The voice of De Anza since 1967.

La Voz News

The voice of De Anza since 1967.

La Voz News

The voice of De Anza since 1967.

La Voz News

De Anza highlighted talent with singing, poetry and instrumental playing

Students presented their musical and poetic skills at the first open mic
Marissa Rentschler
Tapasya Suman, a music major, serves as her own accompanist, playing the piano as she sings “Hard Times” by Ethel Cain at the First Thursday Open Mic in the Euphrat Museum of Art on June 6. (cover photo)

On Thursday, June 6 from 5-7 p.m, the Euphrat museum was filled with enthusiasm and appreciation for attending performers.

The open mic was provided by the Four Elements Of Hip Hop club in collaboration with the Euphrat Museum, and was hosted by McTate Stroman II, an award winning poet. The lively audience cheered and clapped for every performer.

Astrid Ahuelie, 19, a biology major closes her eyes as she belts the lyrics to “Change Your Mind” by Tori Kelly at the First Thursday Open Mic in the Euphrat Museum of Art on June 6. (Marissa Rentschler)

There were more than 20 people in the audience, filled with friends and family members of performers. Water and snacks were also provided.

Performers sang, did poetry, and played guitar, piano and other instruments. Each performer was unique and had their own style.

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The host was Oscar Cruz, a psychology major and president of the 4 Elements, De Anza’s hip-hop club. Despite being sick, Cruz managed to continue the 15-year tradition of hosting the event for the club.

One of the performers, Astrid Ahuelie, 19, second year student at De Anza and biology major, said she doesn’t usually perform but did that night “to destress.”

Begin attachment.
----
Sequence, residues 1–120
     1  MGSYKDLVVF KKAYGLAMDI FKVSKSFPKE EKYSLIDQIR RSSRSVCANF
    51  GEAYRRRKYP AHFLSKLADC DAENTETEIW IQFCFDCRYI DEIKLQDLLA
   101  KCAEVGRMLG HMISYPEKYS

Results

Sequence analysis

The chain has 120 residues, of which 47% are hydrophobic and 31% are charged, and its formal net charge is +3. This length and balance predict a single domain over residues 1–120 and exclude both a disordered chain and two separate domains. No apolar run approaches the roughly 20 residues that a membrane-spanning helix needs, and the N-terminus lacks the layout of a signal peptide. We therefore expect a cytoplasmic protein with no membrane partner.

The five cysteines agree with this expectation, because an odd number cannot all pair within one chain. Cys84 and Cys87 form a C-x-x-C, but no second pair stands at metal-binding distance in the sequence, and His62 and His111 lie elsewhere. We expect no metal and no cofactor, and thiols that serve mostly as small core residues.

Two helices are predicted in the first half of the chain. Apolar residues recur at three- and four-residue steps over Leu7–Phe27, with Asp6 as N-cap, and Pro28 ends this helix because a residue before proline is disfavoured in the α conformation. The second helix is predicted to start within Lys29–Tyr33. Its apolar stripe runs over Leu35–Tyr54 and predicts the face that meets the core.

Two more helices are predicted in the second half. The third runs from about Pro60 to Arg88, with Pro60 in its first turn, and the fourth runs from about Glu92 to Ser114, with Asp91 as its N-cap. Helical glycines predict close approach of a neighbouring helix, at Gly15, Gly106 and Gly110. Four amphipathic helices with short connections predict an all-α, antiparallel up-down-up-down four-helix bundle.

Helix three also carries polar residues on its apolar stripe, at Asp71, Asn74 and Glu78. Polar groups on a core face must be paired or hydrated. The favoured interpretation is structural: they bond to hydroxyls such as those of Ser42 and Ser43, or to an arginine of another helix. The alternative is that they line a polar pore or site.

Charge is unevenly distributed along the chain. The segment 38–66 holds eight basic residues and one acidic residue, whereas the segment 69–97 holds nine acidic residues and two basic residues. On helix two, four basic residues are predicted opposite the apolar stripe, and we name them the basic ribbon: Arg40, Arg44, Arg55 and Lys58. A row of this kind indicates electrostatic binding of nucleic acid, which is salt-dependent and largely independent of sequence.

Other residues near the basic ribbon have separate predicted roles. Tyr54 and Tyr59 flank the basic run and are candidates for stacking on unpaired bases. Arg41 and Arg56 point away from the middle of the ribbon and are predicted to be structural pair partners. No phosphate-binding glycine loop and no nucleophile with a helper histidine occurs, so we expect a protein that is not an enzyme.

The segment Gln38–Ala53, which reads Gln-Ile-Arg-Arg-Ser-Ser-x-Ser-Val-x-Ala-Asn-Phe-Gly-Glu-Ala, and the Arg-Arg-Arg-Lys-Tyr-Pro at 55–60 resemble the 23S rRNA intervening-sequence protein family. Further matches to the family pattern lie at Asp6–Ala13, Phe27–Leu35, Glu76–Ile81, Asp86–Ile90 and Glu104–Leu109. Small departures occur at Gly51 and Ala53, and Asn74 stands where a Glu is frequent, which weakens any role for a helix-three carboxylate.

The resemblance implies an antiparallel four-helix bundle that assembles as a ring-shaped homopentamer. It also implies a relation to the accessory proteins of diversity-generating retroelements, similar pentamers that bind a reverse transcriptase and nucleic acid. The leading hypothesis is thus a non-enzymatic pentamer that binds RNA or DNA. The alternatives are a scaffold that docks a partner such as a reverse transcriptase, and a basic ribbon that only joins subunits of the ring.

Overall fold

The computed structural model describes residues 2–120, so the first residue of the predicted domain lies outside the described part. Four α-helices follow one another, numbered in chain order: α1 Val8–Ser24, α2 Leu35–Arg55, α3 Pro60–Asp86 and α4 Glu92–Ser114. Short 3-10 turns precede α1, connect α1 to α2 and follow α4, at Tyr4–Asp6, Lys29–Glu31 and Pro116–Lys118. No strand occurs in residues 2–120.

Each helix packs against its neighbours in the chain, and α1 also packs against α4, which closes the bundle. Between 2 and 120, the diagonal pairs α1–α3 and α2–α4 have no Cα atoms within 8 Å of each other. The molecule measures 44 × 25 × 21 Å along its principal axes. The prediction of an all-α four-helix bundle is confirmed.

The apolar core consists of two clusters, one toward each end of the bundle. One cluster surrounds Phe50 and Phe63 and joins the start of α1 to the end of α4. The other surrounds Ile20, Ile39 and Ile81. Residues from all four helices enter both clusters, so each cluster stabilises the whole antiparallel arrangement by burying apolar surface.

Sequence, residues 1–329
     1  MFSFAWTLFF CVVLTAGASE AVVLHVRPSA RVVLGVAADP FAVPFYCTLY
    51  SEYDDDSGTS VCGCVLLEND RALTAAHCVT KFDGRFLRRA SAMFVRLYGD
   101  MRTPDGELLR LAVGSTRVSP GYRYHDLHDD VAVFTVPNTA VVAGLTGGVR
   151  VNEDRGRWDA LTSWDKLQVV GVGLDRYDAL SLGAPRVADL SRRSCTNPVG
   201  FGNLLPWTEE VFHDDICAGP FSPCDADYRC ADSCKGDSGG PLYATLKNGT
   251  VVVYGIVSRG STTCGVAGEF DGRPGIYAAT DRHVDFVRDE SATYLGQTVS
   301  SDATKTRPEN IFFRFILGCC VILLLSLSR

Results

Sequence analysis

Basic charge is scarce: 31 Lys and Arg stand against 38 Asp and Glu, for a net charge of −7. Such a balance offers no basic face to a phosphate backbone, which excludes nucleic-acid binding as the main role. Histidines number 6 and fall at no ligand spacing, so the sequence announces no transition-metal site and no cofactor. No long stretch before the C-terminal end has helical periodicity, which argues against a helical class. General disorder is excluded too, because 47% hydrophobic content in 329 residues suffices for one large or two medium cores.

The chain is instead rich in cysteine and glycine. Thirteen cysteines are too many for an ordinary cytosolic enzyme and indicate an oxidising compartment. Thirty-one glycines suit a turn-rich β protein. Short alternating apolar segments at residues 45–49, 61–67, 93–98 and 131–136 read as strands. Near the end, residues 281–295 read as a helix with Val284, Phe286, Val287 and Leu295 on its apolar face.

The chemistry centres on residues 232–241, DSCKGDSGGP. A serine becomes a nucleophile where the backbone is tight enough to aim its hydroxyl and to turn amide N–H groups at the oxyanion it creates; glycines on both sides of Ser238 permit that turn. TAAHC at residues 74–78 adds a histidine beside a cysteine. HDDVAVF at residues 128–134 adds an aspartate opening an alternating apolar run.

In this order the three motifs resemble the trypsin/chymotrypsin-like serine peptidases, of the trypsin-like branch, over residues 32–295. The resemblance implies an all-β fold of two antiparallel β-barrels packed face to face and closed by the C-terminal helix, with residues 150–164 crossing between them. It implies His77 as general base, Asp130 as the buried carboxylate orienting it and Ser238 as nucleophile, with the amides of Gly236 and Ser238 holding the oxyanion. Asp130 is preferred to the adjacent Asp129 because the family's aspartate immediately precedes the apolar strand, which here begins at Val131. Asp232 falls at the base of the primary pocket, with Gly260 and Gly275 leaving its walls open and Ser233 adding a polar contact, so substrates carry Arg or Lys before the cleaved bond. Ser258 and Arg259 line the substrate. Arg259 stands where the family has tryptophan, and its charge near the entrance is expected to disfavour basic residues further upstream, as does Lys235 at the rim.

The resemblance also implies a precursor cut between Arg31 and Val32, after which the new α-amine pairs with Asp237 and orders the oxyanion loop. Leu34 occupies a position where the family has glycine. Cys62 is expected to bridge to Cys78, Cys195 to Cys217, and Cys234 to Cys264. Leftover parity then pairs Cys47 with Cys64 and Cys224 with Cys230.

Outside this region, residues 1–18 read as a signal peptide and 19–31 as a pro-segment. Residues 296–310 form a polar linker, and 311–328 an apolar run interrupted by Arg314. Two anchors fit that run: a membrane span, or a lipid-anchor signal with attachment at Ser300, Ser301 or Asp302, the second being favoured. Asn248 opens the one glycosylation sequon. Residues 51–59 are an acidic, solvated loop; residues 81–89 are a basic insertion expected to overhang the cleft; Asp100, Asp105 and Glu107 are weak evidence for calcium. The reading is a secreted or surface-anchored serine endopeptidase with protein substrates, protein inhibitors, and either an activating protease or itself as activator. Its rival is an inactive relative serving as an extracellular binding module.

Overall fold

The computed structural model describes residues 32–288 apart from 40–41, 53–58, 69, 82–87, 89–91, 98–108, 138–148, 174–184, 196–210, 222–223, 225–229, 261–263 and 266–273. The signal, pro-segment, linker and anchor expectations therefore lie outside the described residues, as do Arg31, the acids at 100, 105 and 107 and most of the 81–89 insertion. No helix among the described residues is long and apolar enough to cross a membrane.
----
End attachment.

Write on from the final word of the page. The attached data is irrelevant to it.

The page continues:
Ahuelie sang “Change Your Mind” by Tori Kelly. The passion in her voice was powerful. She was nervous before going onstage but said, “I listened to others.”

Despite the music starting at the wrong time, Ahuelie managed to give a big finish. She kept everyone on their toes while hitting every note with her angelic voice.

Moeka Ishizawa, 22 a second year student at De Anza and an animation major said singing is one of her passions and she performs often.

“Whenever I have a chance I take it,” she said.

Moeka Ishizawa, 22, animation major sings “Paris” by Sabrina Carpenter at the First Thursday Open Mic in the Euphrat Museum of Art on June 6. (Marissa Rentschler)

Singing is a hobby for Ishizawa and she has a very strong voice. She sang “Paris” by Sabrina Carpenter. The audience was visibly shocked when she began singing. Her voice soothed in a contralto.

She admitted she was nervous but relied on her faith and prayed before performing. She also performed breathing exercises and sang in preparation.

Tapasya Suman, 21, music major, sang and played the piano. She performed “Hard Times” by Ethel Cain. The audience was captivated by her singing.

Music is her life and she enjoys performing and singing. Before performing she was nervous but discovered positivity in that feeling.

“I felt like throwing up,” Suman said. “(But) if you’re nervous it means you care.”

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About the Contributors
Ebony Campbell
Ebony Campbell, Staff Reporter
My interests in journalism comes from a desire to write, travel and meet new people. I hope to one day write about people’s rights or the fashion industry. My goal for this quarter is to get out of my comfort zone and expand my writing skills.
Marissa Rentschler
Marissa Rentschler, Staff Reporter
Marissa Rentschler is a screenwriter and filmmaker looking to expand her anthropological and existential inquiries into the field of journalism this quarter.

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